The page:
Any Florida resident who is currently suffering (or died from) a smoking related illness must register for their share of the $600 Million dollar trust fund by June 16th, 2008. In order to qualify you must have been a regular smoker prior to November 21st, 1996 and of course a Florida resident.
Please contact my office at (888) 524-2426 if you have any questions or would like us to handle your claim.
The signs: Increased business at rehab centers. Those Ski-related personal ads. A big spike in death rates. The trend began to reveal itself about five years ago — in centrifuges and under microscopes — at the University of Florida’s Forensic Toxicology Laboratory. Each year, the lab assists seven Florida medical examiners’ offices with about 3,000 cases, helping to identify toxic substances in bodies as medical examiners perform autopsies. Dr. Bruce Goldberger, the UF toxicologist who runs the lab, says he began to notice a “significant increase” in the number of cases in which cocaine either caused the death or was present in the blood stream. When he and his colleagues looked at data collected by the Florida Department of Law Enforcement from all 24 of the state’s medical examiners, they found that cocaine-related deaths had been rising all over Florida — from 1,034 in 2000 to 2,052 in 2006. The raw numbers also translated into a statistical spike in the cocaine-related death rate, from 6.4 deaths per 100,000 people in 2001 to 11.2 in 2005.
ST. PETERSBURG – Bailiffs shot and killed a man who had recently returned from an Air Force deployment after authorities say he opened fire in the lobby of a downtown courthouse Wednesday afternoon.Glen Lee Powell, 30, entered the courthouse shortly after 1 p.m. and approached a security checkpoint wearing a backpack. A deputy ordered him to remove the backpack and place it on a conveyer belt, but he instead threw it on the ground and opened fire with a semiautomatic handgun in the lobby in front of at least four others, Pinellas County Sheriff’s Sgt. Jim Bordner said.Deputies B.J. Lyons and Deputy Marvin Glover returned fire, seriously wounding Powell, who later died at a St. Petersburg hospital. Lyons, a 58-year-old firearms instructor, was treated at a hospital for a shoulder wound and released later that day. No one else was injured, Bordner said.A representative speaking for Powell’s family said he was returning divorce papers due at the courthouse Wednesday. Full Story: http://www.sun-sentinel.com/news/florida/sfl-0507bailiffshooting,0,4744266.story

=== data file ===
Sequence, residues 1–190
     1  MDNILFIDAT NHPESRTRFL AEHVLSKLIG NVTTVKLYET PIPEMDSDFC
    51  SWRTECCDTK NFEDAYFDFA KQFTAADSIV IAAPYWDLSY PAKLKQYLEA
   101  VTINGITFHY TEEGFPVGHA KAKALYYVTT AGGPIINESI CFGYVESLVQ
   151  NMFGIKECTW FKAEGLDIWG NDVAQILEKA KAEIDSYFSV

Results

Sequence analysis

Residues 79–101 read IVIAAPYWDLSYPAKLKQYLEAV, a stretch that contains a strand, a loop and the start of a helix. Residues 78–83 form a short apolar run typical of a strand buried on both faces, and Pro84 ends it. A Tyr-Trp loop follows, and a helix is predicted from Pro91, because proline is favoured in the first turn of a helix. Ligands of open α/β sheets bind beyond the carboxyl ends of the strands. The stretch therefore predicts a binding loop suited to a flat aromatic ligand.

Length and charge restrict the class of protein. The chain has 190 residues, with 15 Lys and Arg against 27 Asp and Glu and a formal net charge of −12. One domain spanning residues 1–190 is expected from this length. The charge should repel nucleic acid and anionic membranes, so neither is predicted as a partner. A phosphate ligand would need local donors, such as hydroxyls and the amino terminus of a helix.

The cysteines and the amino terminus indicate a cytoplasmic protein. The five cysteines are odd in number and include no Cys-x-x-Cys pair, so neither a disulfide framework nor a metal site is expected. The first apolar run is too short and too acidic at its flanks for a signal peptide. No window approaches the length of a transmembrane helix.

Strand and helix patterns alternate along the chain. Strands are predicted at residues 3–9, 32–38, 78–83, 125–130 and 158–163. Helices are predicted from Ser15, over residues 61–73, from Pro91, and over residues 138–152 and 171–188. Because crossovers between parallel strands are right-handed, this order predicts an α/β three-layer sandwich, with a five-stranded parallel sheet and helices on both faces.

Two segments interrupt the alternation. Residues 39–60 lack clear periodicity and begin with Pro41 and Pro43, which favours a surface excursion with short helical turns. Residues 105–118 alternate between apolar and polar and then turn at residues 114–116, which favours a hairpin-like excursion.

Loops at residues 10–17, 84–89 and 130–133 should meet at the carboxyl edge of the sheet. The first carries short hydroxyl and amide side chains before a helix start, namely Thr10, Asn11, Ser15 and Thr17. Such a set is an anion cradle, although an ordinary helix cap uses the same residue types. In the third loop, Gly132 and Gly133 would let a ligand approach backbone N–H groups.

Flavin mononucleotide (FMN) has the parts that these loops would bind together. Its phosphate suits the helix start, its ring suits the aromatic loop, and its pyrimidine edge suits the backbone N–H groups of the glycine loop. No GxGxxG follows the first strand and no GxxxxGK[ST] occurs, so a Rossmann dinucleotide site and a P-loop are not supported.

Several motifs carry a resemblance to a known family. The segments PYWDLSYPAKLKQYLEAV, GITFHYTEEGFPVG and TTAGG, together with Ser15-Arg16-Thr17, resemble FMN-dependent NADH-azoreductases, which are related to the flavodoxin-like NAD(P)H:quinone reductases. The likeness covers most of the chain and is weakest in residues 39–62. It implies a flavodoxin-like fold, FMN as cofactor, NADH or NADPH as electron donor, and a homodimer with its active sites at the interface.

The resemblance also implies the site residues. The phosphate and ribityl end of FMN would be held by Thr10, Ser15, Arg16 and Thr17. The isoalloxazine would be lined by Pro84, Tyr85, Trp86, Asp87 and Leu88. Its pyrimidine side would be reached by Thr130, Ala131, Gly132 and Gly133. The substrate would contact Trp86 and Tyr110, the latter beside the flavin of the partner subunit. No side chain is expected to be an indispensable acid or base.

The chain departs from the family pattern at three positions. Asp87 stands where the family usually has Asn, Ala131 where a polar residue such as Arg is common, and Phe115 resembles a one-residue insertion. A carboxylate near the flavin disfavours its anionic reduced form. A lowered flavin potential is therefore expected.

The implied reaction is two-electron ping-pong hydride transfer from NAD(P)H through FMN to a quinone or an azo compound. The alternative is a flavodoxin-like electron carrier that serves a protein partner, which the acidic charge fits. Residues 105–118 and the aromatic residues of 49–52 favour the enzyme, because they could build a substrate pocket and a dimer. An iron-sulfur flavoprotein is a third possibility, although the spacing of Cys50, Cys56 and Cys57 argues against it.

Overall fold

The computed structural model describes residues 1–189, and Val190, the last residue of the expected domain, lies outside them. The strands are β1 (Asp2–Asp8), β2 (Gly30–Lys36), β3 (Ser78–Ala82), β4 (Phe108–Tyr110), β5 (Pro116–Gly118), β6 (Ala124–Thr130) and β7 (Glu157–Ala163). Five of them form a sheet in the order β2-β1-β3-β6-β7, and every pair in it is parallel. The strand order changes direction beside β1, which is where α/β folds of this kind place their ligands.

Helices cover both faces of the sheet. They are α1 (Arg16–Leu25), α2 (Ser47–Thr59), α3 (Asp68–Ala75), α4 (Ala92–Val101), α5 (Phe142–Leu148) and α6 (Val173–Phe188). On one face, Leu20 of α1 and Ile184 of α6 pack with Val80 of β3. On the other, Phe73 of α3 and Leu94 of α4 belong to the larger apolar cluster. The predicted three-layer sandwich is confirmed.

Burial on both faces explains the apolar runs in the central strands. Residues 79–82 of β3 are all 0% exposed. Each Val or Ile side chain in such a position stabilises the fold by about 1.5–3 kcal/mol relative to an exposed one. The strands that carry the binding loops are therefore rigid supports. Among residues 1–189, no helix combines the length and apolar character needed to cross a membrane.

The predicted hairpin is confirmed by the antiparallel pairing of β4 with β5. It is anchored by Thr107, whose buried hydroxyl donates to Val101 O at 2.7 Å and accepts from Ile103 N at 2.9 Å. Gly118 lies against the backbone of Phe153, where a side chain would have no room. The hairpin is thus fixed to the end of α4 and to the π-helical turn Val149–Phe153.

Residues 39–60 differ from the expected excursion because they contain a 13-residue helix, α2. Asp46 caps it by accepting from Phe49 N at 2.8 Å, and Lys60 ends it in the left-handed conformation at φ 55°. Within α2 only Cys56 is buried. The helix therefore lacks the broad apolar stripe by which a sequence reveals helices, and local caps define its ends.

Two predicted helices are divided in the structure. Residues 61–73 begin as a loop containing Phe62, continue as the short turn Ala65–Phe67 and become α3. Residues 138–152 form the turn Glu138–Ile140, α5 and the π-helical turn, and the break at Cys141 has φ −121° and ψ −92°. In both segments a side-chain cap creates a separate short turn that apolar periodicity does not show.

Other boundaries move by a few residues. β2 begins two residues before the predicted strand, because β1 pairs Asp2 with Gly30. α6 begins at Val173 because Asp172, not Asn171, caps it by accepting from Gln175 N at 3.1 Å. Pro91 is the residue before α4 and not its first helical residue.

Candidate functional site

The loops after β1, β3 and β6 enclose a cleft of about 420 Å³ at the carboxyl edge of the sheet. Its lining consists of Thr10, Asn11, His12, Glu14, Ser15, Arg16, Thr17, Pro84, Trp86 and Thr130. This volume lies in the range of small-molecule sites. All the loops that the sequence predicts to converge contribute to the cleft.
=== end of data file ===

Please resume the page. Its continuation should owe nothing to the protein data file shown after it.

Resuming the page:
From deli meats to video rentals, the family store on St. Marks’ main drag has it all; its selection of used paperbacks even serves as the town’s public library. It’s part of a way of life many here want to preserve. “We all love St. Marks just the way it is,” said Joy Brown, Bo Lynn’s owner for the past 43 years. “We really don’t want another Miami. … We’re not ready for it, and we don’t want it.” But time is catching up with the town 20 miles south of Tallahassee. A group of citizens is planning to restart the town’s economy following a decade of hardships. Their proposal calls for a conference center and a waterfront plaza that could include the site of the shuttered Posey’s Oyster Bar. Click Here for Full Story: http://tallahassee.com/apps/pbcs.dll/article?AID=/20080506/NEWS01/805060327&referrer=FRONTPAGECAROUSEL Take a look at the website, there is a photo gallery and a video about the Confrence Center
PLANTATION – Jeremy Thomas, a 16-year-old from Coral Springs, was busted for underage smoking at the mall a few months ago.On Friday, Broward County Court Judge Steven Shutter ruled those few puffs would cost Thomas 7 1/2 hours of community service or a $53 fine or a pint of blood.Without hesitation, he walked to a van outside the West Regional Courthouse in Plantation and prepared to be stuck with a needle.”I didn’t want to pay the fine,” Thomas said. Defendants who appear before Shutter can lop off as much as $75 from their fines or receive credit for community service if they donate blood. The option is available to traffic offenders whose violations range from expired vehicle tags to unintentionally killing someone in a car accident. Also eligible are some defendants charged with criminal misdemeanors and alcohol violations. Click here for full story: http://www.sun-sentinel.com/news/local/broward/sfl-flbblood0503sbmay04,0,4487754.story